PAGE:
Queen Elizabeth II 1926-2022

A big change since The Queen came to the throne is that there are now regular objective measurements of the popularity of the Monarch and the Monarchy, writes Dr. Roger Mortimore.

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  • Dr. Roger Mortimore Public Affairs
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When somebody as important as Her Majesty the Queen dies, it is natural that people in the rest of the world will want to know what people in Britain thought about her; and we ourselves may wonder whether other people living in Britain think as we do. Historically, we could only judge the popularity of the Monarchy and the Monarch outside our own circle of friends by the size and enthusiasm of the crowds that greeted them on public occasions, and this was still largely true seventy years ago, when Elizabeth II came to the throne. Of course, big crowds can be deceptive – they say nothing about the people that have stayed at home. And although the newspapers sometimes reported what people thought, there was always the suspicion that they better reflected the opinions of their proprietors than public opinion.

Britain and the world have both changed hugely since 1952. One of the most remarkable achievements of the Queen’s reign was keeping the Monarchy and the Royal Family relevant throughout that period. As the Monarchy has changed, so has its relationship with the media, and journalists today report, investigate, and often challenge all aspects of its role; one consequence of this is that they seek to understand public opinion about the Monarch, the Royal Family, and the institution, and so opinion polls on the subject, almost unknown in 1952, are now frequently conducted.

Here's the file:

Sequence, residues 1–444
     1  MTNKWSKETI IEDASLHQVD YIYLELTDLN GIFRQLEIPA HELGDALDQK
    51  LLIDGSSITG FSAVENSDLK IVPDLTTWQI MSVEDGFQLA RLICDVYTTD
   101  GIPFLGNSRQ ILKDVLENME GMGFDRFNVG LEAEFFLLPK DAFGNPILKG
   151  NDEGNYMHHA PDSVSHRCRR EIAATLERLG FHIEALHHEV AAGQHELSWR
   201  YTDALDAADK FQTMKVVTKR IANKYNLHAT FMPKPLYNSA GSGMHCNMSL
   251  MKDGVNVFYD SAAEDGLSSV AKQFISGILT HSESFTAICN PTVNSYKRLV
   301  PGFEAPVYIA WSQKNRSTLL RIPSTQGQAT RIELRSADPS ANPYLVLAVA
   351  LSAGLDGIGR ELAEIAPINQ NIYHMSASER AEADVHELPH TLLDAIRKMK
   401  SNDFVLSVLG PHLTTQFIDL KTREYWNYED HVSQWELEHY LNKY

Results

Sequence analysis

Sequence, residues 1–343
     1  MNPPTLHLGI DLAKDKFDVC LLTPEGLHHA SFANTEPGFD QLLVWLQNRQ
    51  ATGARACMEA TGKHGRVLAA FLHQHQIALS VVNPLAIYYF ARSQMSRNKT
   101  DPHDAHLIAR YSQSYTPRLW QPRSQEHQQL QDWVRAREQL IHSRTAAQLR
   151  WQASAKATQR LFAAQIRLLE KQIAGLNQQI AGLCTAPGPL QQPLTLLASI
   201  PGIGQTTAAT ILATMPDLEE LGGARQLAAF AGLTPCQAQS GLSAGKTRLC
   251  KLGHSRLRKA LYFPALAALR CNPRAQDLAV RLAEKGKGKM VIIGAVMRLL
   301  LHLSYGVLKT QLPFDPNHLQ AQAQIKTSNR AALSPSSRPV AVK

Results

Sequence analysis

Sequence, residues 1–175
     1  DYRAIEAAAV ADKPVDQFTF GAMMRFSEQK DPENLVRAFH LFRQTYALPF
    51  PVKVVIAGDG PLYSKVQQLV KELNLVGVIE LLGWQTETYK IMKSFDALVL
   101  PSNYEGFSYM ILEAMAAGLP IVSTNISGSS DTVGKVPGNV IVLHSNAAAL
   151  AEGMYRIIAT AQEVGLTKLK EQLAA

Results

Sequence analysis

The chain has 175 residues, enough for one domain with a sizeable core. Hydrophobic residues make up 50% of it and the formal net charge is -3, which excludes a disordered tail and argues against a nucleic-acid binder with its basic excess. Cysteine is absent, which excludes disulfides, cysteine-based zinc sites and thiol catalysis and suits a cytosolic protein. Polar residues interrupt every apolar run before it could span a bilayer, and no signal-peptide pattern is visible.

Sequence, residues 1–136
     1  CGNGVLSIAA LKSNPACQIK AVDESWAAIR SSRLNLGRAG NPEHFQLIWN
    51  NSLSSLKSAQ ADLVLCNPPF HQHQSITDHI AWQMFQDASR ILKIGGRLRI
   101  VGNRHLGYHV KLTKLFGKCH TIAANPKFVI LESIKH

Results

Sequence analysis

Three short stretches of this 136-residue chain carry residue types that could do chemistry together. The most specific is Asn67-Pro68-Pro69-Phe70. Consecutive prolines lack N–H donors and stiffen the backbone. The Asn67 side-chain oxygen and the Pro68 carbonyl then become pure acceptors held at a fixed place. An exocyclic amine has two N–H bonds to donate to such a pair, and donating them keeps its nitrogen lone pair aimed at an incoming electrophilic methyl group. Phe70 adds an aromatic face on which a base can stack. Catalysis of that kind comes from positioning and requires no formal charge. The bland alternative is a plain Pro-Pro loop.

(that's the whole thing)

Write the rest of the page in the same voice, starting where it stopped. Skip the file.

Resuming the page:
So far as we are aware, the first polls in this country about support for the Monarchy were commissioned by the BBC in the late 1960s; it must have felt a daring venture at the time. But by the 1990s, when many newspapers were openly questioning the Monarchy, polls had become taken for granted as part of the reporting. And among the things they consistently showed was that the majority of the public continued to support the Monarchy and believed that Her Majesty personally was doing her job well.

This has continued to be the case into the 21st century. While we didn’t poll during the mourning period, there is plenty of evidence from the past few years. At its peak, support for the Queen came as close to unanimity as almost any subject on which we have measured public opinion. In 2012, 90% of people said they were satisfied with the way that she was doing her job, and only 7% dissatisfied; even among those who said that they would prefer to abolish the Monarchy and make Britain a Republic, only a minority were dissatisfied with the Queen herself. Earlier this year, with a differently-framed question, we found that 69% had “favourable… opinions and impressions” of the Queen, while 12% had unfavourable ones. While that is not quite unanimous, it is an impressive margin of approval.

The crowds who have been expressing their grief at her death and thankfulness for her reign by paying their respects to the Queen’s coffin are certainly not unrepresentative of the British public.

Dr. Roger Mortimore is Director of Political Analysis at Ipsos in the UK and Professor of Public Opinion & Political Analysis at King's College London.

The author(s)

  • Dr. Roger Mortimore Public Affairs

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